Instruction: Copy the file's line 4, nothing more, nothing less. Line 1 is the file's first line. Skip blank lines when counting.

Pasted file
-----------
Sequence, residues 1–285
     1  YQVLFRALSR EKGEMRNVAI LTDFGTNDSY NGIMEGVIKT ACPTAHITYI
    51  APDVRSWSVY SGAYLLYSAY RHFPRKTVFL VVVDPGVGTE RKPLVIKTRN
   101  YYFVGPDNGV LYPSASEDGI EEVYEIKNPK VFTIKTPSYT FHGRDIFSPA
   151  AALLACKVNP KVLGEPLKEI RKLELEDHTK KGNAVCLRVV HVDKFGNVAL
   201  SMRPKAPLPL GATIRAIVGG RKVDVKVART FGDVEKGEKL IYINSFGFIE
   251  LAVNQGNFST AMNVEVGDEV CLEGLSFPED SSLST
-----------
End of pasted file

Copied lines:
   101  YYFVGPDNGV LYPSASEDGI EEVYEIKNPK VFTIKTPSYT FHGRDIFSPA